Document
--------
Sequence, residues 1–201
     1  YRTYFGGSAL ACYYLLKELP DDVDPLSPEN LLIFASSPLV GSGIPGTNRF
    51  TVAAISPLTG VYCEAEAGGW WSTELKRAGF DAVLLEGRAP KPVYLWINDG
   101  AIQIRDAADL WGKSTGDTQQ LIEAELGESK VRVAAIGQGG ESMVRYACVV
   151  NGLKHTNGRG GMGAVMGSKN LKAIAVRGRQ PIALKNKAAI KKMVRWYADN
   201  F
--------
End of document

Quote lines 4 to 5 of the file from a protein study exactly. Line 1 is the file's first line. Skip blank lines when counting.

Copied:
   101  AIQIRDAADL WGKSTGDTQQ LIEAELGESK VRVAAIGQGG ESMVRYACVV
   151  NGLKHTNGRG GMGAVMGSKN LKAIAVRGRQ PIALKNKAAI KKMVRWYADN